France: Potential economic impact of upcoming elections
March 30, 2022
In less than two weeks, the French electorate will head to the polls, as citizens cast their votes in a presidential election that includes 12 candidates from across the political spectrum: from far-left communist Fabien Roussel to far-right nationalist Eric Zemmour. In a highly volatile campaign centered around purchasing power, inflation, high energy prices and the post-pandemic economic recovery, the last stretch of the Présidentielle 2022 will seemingly be defined by Russia’s invasion of Ukraine. The outbreak of war in the east of Europe has once again brough France’s role on the international stage to the forefront. According to most polls, President Emmanuel Macron has managed to stay comfortably ahead of the pack for the past few months, having received a significant boost in public opinion in recent weeks for his role as intermediary during the conflict. Three-time presidential candidate Marine Le Pen occupies second place. That said, Parti de Gauche’s Jean-Luc Mélenchon has emerged as a significant last-minute contender, in third place, with Valerie Pécresse and Éric Zemmour following close behind. Although undecided voters—which make up an estimated 40% of the electorate—and substantial absenteeism will be significant and potentially deciding factors, most of our panelists expect a déjà vu of the 2017 second round of presidential elections between Macron and Le Pen.
On the one hand, a Macron reelection should represent a continuation of his current five-year term’s macroeconomic policies focused on business-friendly labor market reforms at home. Most notably, the controversial pension reforms, which unleashed massive nationwide protests and were promptly put on hold due to the outbreak of the Covid-19 pandemic, are set to continue if he is elected. Similarly, his foreign policy agenda is expected to put France at center stage in international politics, with a continuation of economic sanctions on Russia and a largely pro-EU stance. That said, a parade of consecutive crises—notably the ‘Yellow Jacket’ protest movement, the pandemic and the Russia-Ukraine war—have continuously forced Mr. Macron into an expansionary fiscal stance, and will make it hard to gauge to what degree he will be able to make good on his plans going forward.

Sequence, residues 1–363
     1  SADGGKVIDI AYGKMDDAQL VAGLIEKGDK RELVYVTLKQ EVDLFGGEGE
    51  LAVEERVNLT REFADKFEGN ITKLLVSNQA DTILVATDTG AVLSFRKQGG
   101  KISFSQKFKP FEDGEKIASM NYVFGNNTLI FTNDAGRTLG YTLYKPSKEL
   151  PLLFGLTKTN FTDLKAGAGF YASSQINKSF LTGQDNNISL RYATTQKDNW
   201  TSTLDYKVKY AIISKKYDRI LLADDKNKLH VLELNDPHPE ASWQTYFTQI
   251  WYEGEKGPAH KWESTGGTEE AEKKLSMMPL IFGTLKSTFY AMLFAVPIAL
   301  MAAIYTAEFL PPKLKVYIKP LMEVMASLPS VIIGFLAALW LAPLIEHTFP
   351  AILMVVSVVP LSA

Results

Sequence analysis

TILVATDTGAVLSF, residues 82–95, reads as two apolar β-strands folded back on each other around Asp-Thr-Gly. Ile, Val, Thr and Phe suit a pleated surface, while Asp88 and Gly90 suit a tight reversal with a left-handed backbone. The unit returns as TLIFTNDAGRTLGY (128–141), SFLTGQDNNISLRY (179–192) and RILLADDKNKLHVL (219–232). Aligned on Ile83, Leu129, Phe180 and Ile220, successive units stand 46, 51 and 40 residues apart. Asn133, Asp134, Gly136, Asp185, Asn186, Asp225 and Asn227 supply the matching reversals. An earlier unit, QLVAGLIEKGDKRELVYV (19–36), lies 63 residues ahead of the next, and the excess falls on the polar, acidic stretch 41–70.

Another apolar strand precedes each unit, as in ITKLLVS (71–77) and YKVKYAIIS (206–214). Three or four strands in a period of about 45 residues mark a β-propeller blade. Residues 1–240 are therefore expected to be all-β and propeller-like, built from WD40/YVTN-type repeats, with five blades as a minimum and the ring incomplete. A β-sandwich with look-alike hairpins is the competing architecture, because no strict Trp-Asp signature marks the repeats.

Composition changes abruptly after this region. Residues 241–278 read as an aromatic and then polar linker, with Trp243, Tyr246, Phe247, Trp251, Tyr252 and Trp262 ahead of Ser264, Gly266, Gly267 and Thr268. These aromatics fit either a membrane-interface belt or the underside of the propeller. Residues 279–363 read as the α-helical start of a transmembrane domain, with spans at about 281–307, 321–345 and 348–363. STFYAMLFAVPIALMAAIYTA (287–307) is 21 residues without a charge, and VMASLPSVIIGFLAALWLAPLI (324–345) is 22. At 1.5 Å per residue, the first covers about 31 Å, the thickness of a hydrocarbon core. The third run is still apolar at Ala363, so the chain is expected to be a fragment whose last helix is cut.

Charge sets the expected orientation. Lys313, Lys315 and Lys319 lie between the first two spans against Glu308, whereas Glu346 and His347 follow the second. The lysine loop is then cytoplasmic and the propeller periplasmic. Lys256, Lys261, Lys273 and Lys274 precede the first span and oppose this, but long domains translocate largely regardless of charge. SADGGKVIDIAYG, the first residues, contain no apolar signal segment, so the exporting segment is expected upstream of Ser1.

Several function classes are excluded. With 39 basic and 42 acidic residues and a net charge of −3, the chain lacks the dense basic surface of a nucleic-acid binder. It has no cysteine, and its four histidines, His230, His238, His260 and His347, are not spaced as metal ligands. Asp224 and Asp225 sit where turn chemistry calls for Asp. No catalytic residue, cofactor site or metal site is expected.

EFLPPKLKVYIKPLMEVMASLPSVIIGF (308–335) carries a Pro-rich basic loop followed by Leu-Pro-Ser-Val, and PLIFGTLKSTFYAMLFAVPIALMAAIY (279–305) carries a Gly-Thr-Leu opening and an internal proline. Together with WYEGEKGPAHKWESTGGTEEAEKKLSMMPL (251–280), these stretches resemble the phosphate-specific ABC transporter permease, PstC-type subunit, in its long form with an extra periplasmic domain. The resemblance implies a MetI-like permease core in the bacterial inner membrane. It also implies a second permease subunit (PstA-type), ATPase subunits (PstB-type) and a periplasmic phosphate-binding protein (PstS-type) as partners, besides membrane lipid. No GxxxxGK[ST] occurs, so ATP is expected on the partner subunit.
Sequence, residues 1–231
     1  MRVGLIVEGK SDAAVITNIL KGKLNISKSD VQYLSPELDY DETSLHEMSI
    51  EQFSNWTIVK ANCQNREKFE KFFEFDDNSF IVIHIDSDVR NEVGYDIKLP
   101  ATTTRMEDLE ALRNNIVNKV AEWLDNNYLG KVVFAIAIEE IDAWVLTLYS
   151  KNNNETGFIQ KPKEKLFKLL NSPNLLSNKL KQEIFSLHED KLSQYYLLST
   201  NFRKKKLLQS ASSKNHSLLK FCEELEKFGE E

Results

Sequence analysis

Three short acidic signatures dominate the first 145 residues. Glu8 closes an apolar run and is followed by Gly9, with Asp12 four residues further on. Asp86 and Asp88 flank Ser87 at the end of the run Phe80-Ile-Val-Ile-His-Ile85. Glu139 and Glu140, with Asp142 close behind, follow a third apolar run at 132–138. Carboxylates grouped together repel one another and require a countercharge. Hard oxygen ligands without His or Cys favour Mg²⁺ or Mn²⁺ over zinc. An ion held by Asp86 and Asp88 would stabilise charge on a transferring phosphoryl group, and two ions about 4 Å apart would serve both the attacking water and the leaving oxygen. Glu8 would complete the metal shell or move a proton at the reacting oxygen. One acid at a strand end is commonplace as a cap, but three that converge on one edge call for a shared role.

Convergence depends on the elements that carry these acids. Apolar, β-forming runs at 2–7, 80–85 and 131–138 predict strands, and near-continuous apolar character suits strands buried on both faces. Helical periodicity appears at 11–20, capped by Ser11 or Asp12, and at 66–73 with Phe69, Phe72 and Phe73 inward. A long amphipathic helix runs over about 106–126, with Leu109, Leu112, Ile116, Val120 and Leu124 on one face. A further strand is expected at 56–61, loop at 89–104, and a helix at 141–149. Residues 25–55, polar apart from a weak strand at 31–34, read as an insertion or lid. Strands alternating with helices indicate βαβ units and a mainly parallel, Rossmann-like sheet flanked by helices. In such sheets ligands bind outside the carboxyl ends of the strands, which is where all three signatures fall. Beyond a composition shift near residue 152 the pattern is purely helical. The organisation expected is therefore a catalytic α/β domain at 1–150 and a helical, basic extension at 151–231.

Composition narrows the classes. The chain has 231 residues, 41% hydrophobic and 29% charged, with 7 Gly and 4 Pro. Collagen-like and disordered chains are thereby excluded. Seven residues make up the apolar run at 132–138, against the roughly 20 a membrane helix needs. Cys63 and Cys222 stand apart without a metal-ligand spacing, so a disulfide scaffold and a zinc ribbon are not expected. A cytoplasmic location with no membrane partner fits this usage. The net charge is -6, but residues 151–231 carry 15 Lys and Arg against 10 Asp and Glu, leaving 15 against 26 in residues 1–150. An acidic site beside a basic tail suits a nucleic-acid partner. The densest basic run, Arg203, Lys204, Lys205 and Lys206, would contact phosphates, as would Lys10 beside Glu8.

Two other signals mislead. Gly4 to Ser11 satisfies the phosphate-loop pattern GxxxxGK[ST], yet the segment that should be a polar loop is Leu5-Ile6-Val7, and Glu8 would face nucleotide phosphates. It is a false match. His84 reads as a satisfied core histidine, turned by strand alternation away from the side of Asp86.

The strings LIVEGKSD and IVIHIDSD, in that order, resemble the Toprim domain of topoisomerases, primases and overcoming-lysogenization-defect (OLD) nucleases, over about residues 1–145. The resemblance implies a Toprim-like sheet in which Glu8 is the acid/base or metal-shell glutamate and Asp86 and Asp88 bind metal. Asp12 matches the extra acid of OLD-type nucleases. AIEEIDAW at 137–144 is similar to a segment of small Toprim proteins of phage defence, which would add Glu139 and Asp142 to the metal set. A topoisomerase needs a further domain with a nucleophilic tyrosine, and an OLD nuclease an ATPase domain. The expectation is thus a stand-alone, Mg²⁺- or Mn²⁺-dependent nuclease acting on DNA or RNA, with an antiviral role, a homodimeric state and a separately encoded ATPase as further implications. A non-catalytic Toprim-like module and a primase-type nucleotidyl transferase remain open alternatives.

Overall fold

Meanwhile, if Rassemblement National’s Marine Le Pen emerges victorious, the outcome is expected to be more speculative. Although she leans hard-right on immigration, defense spending and international affairs, her proposals for the 2022 elections include a wide array of fiscally expansionary programs. They include: sizable hikes to the minimum wage, tax exemptions for people under 30, and considerable tax reductions on energy and gasoline to offset spiking inflation. In terms of foreign policy, Le Pen has largely softened her stance on a potential “Frexit”. Nevertheless, her plans include restrictions to the free movement of people within the Schengen zone, France’s withdrawal from NATO’s integrated command and an easing of economic sanctions on Russia—mainly to counteract their repercussions on French consumers.
Commenting on the potential outcome of the elections, analysts at the EIU predict a comfortable victory for president Emmanuel Macron:
“EIU expects Emmanuel Macron, the incumbent, to be re-elected president in April 2022. Mr. Macron has been playing a leading role as a mediator in the Russia-Ukraine war. This boosted his status over his opponents, who are struggling to remain visible while he reinforces his presidential stature. In times of crisis there is a tendency to rally around the current leadership and choose stability over change. This will play to Mr. Macron's advantage, particularly because foreign policy has always been one of his strong suits. [...] The main risk to Mr. Macron's re-election is high abstention in the second round.”
Meanwhile, Alain Durré and Alexandre Stott from Goldman Sachs, see a more open presidential race:
“Although far-right candidate Marine Le Pen (Rassemblement National, RN) is leading the competition to face Macron in the second round, far-left candidate Jean-Luc Mélenchon (La France Insoumise, LFI) has seen his polling rise sharply over the last two weeks, suggesting he has gained support among undecided voters, and could therefore be the surprise contender against Macron. […] A lot can happen in the next two weeks, especially because polling uncertainty tends to fall sharply in the last ten days before the election.”
Author: Jonuel Pérez, Junior Economist